Everyone’s lives take them down different paths, but most working people share a common goal: to eventually be able to retire. After working for the majority of your life and saving money along the way, retirement is a life chapter that you deserve to experience in the best possible way. Getting to that point, however, requires detailed preparation, and as the stats about retirement show, not everyone is adequately prepared.
Here are 15 surprising stats about retirement that may incite you to start preparing sooner rather than later.
- According to the U.S. Census Bureau, the senior population (ages 65 and older) is expected to nearly double to 83.7 million people by the year 2050, up from 43.1 million people in 2012.
- The Centers for Disease Control and Prevention reports that life expectancies have risen by nine years between the mid-1960s and the mid 2010s to nearly 79 years.
- A 60-year-old man can expect to live an average of 21 more years, while a 60-year-old woman can expect to live an average of 24 more years.
- The Centers for Medicare and Medicaid Services predicts that out-of-pocket health costs per capita will reach more than $1,300 per person by 2021.
- Prescription drug prices increased 104 percent for seniors between 2006 and 2013.
- One-third of American households have $0 saved for retirement, according to a GoBankingRates survey.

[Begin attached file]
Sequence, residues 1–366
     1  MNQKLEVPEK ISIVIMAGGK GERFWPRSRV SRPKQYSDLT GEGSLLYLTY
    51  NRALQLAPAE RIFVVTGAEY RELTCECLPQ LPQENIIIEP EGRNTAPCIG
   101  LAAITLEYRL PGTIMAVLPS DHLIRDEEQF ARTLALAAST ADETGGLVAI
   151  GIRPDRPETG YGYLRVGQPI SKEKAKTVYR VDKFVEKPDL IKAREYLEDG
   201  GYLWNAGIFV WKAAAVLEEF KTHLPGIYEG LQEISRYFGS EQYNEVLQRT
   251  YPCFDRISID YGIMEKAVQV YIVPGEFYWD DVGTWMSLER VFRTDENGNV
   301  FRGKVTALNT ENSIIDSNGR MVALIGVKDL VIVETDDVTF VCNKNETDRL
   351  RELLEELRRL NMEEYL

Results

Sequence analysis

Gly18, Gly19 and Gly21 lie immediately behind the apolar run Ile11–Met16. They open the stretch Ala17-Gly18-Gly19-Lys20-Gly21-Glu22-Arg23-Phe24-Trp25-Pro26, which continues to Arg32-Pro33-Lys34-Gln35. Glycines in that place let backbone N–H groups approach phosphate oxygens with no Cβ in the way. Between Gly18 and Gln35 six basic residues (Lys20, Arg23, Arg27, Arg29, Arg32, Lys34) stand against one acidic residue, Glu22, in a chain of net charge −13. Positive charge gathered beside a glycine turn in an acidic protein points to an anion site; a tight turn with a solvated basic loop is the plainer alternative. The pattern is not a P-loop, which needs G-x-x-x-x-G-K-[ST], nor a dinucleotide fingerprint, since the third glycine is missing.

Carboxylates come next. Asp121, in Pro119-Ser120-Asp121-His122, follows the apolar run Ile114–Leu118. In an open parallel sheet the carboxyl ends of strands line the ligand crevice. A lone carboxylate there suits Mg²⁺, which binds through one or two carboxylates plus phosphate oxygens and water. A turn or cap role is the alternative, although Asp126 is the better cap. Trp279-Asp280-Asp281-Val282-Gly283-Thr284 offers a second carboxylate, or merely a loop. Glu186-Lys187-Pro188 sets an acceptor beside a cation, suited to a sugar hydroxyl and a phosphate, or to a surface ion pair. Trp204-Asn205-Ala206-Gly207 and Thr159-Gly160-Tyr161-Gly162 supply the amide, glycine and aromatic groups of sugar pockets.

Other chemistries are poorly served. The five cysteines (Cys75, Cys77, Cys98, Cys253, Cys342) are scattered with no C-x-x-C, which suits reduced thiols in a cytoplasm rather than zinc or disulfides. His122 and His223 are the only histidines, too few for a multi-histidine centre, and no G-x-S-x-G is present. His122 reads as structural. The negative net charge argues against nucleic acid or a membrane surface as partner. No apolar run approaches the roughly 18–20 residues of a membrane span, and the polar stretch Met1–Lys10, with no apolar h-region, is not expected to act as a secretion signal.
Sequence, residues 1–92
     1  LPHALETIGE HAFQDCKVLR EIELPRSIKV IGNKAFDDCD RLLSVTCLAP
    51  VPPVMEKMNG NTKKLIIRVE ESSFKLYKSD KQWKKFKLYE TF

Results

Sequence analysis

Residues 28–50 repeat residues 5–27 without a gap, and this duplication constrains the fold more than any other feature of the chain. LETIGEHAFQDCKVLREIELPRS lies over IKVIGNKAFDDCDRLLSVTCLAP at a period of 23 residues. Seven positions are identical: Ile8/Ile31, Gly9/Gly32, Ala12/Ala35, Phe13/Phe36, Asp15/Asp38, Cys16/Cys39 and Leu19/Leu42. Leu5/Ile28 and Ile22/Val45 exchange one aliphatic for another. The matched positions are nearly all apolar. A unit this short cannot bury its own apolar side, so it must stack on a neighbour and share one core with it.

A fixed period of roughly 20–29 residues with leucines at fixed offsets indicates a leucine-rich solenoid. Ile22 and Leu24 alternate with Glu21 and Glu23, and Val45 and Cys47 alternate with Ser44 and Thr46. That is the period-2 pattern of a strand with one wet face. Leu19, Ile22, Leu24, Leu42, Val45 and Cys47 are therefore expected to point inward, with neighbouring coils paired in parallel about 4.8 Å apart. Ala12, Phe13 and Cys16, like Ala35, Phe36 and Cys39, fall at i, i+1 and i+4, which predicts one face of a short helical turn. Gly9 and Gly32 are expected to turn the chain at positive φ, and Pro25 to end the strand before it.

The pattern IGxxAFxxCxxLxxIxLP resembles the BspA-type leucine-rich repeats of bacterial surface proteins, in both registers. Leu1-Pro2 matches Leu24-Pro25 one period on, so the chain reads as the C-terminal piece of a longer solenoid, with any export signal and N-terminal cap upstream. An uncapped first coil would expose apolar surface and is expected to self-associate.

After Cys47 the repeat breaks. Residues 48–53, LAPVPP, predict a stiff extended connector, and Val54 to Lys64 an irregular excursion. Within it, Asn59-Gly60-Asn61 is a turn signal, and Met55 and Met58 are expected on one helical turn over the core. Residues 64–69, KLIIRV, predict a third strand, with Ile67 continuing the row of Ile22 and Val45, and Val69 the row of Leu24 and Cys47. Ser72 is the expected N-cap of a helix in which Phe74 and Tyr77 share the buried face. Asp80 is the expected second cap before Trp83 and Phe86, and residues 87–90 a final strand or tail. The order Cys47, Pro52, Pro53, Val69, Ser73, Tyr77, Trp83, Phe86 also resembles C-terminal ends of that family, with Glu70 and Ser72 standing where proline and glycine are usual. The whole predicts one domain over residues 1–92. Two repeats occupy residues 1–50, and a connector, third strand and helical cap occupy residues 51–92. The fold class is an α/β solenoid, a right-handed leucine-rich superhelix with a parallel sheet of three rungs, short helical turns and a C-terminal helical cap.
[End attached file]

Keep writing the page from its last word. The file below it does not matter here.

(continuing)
- The U.S. personal savings rate, according to the St. Louis Federal Reserve, is only 5.4 percent.
- Nearly one-third of homeowners 65 and older had a mortgage in 2011, up from 22 percent in 2001.
- More than 10,000 baby boomers are qualifying for Social Security every day.
- The Social Security Administration suggests that benefits are only designed to replace 40 percent of your working wages.
- A report issued by the Social Security Office of Retirement and Disability Policy predicts that 58 percent of Social Security recipients will be taxed on their benefits by the year 2030.
- In 2017, the average monthly Social Security benefit was $1,369 for retired workers and $1,172 for disabled workers.
- There are currently 2.8 workers for every Social Security beneficiary. By 2035, there will be 2.2 workers for each beneficiary.
- Medicare typically covers about 20 percent of your eligible medical expenses.
- Medicare does not cover regular vision, dental or hearing care.
These and other stats about retirement show that the money you will need to have saved by the time you stop working full time is not insignificant. A growing population means a higher division of resources, and longer life expectancies mean a longer time you will have to account for financially in retirement.